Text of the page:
Wednesday, December 3, 2008

Afternoon Surge Results in Winning Wednesday

US stock indices recorded another positive day - the second in a row - as investors shook off dismal job projections and focused on what seem to be bargains all over the markets. stocks have been so severely hit in recent days that speculators have little choice but to jump in, though more cautious types continue to resist the temptation to dive into equities as the year enters its final month.

Trading wasn't as broad-based as yesterday's action, and the results were a bit less inspiring, but the major indices have regained 70-80% of what was lost on Monday as fear of a continued recession shook markets to their core, sending the Dow Jones Industrials to its 4th-worst point loss in history.

The past two days have seen the now-normal volatility, with indices and individual stocks making wild swings over the course of the session. Today's ride on the Dow was a 390-point swing from the lows to the highs. The Dow ended near the highs of the day, which were achieved in the final ten minutes of trading.

While congress dithers over what to do about the Big Three automakers, Wall Street is busy doing its own handiwork, though the trading recently has devolved into what looks more like insider churning or day-trading, with no real establishment of positions and quick exits from both profitable and losing positions. Traders are certainly on their toes as we wend our way to the conclusion of 2008, one of the worst ever for the stock markets.

Dow 8,591.69, +172.60 (2.05%)
NASDAQ 1,492.38, +42.58 (2.94%)
S&P 500 870.74, +21.93 (2.58%)
NYSE Composite 5,405.55, +96.60 (1.82%)

Things got off to a dreadful start when ADP - a private firm which tracks employment - said their November report showed that the economy shed 250,000 jobs, the worst one-month number since 1991.

Stocks quickly recovered from that somewhat expected news and spent most of the remaining session after 10:00 am in positive territory.

Advancing issues outperformed decliners for a second straight day, though the margin was not overwhelming, at less than 2-1: 4280-2414. New lows were greater in number than new highs, 273-36. While this has been a persistent indicator for 13 months now, we are beginning to see a small increase in the daily number of new highs. Though the numbers are tiny, they are heading in the right direction, but it must be cautioned that some of the companies making new highs are those recovering from the first wave of declines near the end of December, 2007. An increasing number of stocks making new highs should not be seen, in and of itself, as an indication of anything other than the mere fact that some beaten-down stocks are beginning to recover.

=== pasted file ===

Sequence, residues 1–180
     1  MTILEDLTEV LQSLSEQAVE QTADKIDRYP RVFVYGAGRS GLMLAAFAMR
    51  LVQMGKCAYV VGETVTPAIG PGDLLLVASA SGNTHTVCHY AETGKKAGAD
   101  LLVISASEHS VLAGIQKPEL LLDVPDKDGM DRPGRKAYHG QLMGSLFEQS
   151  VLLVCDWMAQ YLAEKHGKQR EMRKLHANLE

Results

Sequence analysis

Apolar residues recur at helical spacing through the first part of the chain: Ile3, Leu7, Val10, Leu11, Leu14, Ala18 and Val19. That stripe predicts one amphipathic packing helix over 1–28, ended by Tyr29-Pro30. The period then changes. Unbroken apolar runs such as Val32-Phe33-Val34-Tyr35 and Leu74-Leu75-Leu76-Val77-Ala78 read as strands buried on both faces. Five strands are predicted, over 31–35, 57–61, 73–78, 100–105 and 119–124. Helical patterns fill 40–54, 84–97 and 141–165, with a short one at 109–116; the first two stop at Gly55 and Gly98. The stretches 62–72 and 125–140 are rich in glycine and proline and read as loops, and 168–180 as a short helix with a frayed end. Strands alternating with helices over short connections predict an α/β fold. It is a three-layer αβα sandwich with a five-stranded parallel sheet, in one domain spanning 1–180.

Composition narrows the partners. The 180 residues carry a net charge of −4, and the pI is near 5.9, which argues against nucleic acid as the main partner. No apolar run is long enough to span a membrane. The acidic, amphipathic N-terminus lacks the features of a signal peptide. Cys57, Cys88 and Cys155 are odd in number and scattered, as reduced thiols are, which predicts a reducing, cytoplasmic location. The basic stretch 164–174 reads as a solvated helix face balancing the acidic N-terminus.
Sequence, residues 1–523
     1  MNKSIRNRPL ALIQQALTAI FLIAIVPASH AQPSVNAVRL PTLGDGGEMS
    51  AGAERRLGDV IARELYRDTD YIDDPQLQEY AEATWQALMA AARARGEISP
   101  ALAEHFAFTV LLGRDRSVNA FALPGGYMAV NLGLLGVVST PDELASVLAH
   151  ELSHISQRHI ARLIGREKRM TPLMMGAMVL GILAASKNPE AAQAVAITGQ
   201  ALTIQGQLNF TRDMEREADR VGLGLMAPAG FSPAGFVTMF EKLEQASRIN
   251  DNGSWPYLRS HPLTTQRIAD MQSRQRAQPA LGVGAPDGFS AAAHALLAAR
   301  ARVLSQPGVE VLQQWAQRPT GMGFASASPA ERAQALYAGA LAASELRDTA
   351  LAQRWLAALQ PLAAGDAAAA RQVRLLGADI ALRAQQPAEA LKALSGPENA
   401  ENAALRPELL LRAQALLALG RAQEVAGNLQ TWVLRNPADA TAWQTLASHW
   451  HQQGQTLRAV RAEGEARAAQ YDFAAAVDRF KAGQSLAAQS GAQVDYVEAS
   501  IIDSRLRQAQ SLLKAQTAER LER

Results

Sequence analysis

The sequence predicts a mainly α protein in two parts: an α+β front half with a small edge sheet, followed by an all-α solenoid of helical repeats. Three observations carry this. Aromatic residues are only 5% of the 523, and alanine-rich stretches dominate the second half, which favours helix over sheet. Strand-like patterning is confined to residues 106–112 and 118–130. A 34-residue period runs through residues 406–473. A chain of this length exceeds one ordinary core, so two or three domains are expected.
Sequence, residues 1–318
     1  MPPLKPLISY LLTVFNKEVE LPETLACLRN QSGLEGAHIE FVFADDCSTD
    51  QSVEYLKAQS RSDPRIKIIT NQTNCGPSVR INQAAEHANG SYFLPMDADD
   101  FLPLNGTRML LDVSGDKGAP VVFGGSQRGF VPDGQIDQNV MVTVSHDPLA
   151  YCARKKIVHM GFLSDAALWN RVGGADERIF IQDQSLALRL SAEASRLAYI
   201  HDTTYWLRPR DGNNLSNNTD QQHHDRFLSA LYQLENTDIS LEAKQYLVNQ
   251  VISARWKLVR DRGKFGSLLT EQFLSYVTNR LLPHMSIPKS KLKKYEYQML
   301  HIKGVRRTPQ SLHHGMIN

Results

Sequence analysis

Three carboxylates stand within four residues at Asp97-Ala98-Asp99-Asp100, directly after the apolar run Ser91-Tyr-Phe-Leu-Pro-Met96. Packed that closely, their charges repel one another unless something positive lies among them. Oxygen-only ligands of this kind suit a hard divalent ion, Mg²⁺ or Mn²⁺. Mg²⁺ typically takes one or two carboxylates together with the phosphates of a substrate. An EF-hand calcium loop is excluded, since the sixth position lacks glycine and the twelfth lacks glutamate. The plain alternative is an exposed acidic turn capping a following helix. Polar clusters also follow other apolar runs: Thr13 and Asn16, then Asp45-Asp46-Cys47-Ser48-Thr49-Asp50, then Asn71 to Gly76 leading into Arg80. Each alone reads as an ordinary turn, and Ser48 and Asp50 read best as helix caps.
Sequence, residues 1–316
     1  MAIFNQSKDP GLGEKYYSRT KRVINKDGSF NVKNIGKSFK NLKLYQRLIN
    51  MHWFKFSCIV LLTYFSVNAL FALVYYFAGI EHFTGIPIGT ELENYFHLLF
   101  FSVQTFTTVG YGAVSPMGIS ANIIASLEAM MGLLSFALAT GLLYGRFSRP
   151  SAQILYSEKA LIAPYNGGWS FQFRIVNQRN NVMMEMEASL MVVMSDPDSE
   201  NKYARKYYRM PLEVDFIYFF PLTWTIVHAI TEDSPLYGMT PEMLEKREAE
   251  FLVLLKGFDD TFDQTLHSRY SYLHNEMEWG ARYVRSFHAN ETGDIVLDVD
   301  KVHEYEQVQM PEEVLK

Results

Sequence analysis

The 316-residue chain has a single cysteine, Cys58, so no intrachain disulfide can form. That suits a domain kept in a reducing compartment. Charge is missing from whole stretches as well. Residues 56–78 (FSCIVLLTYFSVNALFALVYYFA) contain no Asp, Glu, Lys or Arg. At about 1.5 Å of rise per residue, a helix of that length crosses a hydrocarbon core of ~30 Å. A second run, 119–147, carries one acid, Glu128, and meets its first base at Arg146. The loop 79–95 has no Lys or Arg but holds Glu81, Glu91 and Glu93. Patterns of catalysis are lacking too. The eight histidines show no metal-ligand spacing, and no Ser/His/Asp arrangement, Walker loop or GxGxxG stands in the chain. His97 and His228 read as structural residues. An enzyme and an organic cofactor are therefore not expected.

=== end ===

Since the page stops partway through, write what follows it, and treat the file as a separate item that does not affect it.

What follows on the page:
The markets remain highly bearish and will remain so for what appears now to be a very long time. There is little hope that the US economy can begin to pull itself out of recession before the middle of 2009, at the very earliest. Severe damage has been done to the very structure of the system, and thus far, efforts to repair it have been inconsequential or ineffective. The condition of the economy since September of this year and August of 2007 has continued to deteriorate. There is no indication that this erosion is coming to an end.

Volume was on the high side, but it should be with the year coming to an end. There are a plethora of reasons to sell at this time, and not many good ones to induce buying, but there is still some speculation, despite dire warnings all around.

NYSE Volume 1,551,506,000
NASDAQ Volume 2,279,699,000

One area which continues to trend lower is in commodities of all kinds. Lower prices for all manner of raw materials eventually is going to wend its way through the supply chain and into finished products. There is going to be a prolonged period of price uncertainty and outright deflation, which could last through 2009, 2010 and beyond. Ability to adjust pricing on-the-fly, so to speak, will be critical to success at almost any level. This kind of pricing flexibility favors smaller companies with established expertise in technology, which is why internet retailers are not suffering as much as their brick and mortar counterparts during the holiday season.

Oil closed at or near multi-year lows, down 8 cents, to $46.88. Gold tumbled another $8.50, to $774.80, while silver gained 2 cents to $9.63.

The equity markets remain somewhat in suspended animation, awaiting the inauguration of President-Elect Barack Obama on January 20th. A new congress will be sworn in days earlier, but the hope that somehow government, the creature responsible for much of the current catastrophe, will come around with a quick fix is looking more and more like a pipe dream.

The economy has suffered more than a couple of body blows over the past two years. The damages was the result of many more years previously in which the Fed and government allowed loose credit, fiscal and monetary policy to cause structural damage to the underpinnings of the system. The kind of damage inflicted is not going to be repaired in short order. There is going to be a long period of transfusion, rest and recovery, because the "patient" nearly died on the operating table.

If you were not prepared for the long haul, you would do well to relocate outside the US for the next few years, but choose carefully. This economic disaster has spread around the globe.

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